To meet the "testable" requirement, one of the things you could do is use math to illustrate what you wanted to do, and then carry that project out to see if the results fell within your mathematical predictions. If not, why not, etc. ? If you need to beef up your project with some math, there's plenty of math related to optics and photography out there. Whether you have simple, arithmetic-based math skills, or advanced multi-variable calculus skills, you should be able to find math problems within the scope of your educational progress that can be used to show/test a hypothesis.

For some good diagrams, sometimes people who make introductory explanations of large format photography serve as good hosts. http://www.largeformatphotography.info/ is a website that has some good links.

If you get into using math with photography as part of your project, it might help to have a mentor or more experienced person help to guide you. That way, you can get the project done without straying too far off of track.

Good luck. J.

John O'Keefe-Odom , Sep 22, 2008; 12:09 p.m.

Being able to measure could help to make your project successful, for a science fair. For example, let's say you decide to make a pinhole camera, as suggested above. But, you're a beginner. The first time you try, you might fail. You tried to make a pinhole, but instead, you accidentally jabbed a huge, gaping hole in the thing. Your pinhole camera doesn't work on the first try. The hole is way too big. How much too big? Record that. That's an example of building something that's outside of the required tolerances. If nothing else, measuring and documenting the failures can show some of the limits to the ideas.

Then keep on with the project, and try to build a pinhole again. You can do it.

So, what I'm getting at is, if you mess up a few times, don't give up. When you're exploring new stuff, it's normal to have some setbacks. Hopefully, you're going to be a better student than I often was, and will steadily get the work done and keep the project on schedule. That way, if you do have problems, you can document them and continue striving to meet your goal. Keep on, keepin' on. J.

John O'Keefe-Odom , Sep 22, 2008; 12:32 p.m.

One last thing, Young Apprentice:

If you're in a situation like I was, the Science Fair projects will probably go like this:

At first, everyone's gonna be excited about getting the thing done. This stage will occur while the teacher is talking about it. Then, everyone in the class is going to have a bunch of good intentions. Some of them will get books from the library. Then, something else will come up. People around you will begin to lose focus. They're gonna start blowing off the homework.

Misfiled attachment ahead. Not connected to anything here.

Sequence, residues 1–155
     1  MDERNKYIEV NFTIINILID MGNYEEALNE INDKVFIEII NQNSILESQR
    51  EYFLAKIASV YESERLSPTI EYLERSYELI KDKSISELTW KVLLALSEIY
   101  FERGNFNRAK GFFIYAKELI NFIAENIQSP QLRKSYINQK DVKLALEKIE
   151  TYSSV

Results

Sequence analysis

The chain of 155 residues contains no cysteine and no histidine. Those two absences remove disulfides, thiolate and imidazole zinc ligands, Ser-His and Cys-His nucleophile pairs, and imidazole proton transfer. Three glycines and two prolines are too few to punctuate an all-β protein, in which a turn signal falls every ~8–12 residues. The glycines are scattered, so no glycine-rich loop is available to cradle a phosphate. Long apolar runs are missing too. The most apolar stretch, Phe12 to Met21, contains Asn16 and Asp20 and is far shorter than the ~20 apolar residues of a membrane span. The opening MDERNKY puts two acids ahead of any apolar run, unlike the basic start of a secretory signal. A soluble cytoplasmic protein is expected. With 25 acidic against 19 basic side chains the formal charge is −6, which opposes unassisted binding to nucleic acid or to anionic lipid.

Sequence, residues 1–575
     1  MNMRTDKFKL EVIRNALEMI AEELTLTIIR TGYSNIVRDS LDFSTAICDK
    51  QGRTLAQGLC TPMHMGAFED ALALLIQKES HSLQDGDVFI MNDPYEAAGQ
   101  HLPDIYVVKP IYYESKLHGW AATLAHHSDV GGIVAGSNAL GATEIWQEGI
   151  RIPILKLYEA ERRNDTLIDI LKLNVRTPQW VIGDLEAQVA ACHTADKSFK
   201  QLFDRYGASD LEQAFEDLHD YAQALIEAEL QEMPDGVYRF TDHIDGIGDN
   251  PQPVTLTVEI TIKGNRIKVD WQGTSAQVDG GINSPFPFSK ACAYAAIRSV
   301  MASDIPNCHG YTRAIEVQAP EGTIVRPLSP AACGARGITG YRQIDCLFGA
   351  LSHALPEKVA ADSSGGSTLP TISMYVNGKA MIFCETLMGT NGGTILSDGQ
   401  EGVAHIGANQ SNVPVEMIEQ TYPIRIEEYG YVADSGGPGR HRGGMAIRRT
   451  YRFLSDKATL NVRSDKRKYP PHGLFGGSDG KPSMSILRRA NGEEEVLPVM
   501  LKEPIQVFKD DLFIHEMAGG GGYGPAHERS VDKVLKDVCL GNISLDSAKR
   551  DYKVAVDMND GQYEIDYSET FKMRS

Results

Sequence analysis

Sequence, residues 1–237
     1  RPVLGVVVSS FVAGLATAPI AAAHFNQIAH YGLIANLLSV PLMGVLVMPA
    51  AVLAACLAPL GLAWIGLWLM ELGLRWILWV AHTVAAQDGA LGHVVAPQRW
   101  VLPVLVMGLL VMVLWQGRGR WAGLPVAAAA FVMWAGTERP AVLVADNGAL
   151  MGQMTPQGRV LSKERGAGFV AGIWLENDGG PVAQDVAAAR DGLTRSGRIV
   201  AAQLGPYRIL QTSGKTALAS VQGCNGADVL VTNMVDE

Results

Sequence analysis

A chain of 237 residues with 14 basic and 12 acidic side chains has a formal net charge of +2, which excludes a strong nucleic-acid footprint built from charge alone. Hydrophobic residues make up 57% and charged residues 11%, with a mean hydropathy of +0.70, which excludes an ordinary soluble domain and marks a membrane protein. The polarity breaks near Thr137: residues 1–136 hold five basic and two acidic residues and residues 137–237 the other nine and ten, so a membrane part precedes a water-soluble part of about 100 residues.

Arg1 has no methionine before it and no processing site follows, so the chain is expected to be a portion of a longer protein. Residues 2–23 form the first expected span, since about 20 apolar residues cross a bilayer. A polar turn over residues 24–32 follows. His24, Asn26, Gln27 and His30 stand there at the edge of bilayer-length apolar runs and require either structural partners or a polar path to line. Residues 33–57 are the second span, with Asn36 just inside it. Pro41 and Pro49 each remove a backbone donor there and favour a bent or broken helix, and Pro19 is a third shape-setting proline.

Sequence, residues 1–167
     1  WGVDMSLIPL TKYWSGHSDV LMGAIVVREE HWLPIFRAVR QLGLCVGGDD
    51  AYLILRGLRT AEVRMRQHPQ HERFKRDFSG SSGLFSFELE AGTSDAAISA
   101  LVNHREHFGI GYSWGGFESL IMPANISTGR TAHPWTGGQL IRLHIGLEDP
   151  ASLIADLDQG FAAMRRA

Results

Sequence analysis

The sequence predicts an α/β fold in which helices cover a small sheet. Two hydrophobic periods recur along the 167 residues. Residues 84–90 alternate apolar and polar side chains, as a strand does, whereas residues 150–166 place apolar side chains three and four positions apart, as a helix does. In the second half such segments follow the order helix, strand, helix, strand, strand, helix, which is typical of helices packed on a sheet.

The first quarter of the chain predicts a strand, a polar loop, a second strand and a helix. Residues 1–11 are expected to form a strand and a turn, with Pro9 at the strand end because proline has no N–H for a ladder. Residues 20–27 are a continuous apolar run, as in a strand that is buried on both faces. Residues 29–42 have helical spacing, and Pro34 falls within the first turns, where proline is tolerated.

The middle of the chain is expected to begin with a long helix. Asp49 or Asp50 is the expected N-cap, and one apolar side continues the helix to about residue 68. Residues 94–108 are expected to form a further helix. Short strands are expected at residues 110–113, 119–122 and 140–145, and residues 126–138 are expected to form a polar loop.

Some weeks will go by, and then it's almost Science Fair time. A huge panic will secretly descend on every member of the class. At the last minute, or sometimes the weekend before, the whole class will scramble around and try to slap something together to meet the requirements.

The teacher will be able to tell who was scrambling around. Trust me on this.

This is where you come in. Hopefully, all along you've been doing you're homework. You've been busy, too, but every day you plugged and chugged at it a little more. Two weeks into the project you almost lost hope because the project looked so big. But, you kept on. You did the research. You read the books. You built the test materials for the project some time before it was due. During those last few days before the due date, you didn't have to build everything from scratch and totally write the report from a blank page. You just needed to put on a little final cosmetic polish.

Trust me on this. I have failed a great many school subjects. I have also earned some good grades, too. Usually, I'm a B student, but sometimes I got A's. Pretty much every time I failed, it was because I didn't do the daily work. Every time I succeeded, it wasn't because of some monumental last-minute push. It was because I had done the homework.

Even though it's boring or lonely or hard, do that homework. Don't cheat. Don't procrastinate. Plug and chug. It will pay off. Trust me on this. All good things I have achieved in my little, plain jane life have been because I was investing daily in trying to point in the general direction of the goal. Now, if you'll excuse me, I have to get back to my own kind of homework now. Good luck. J.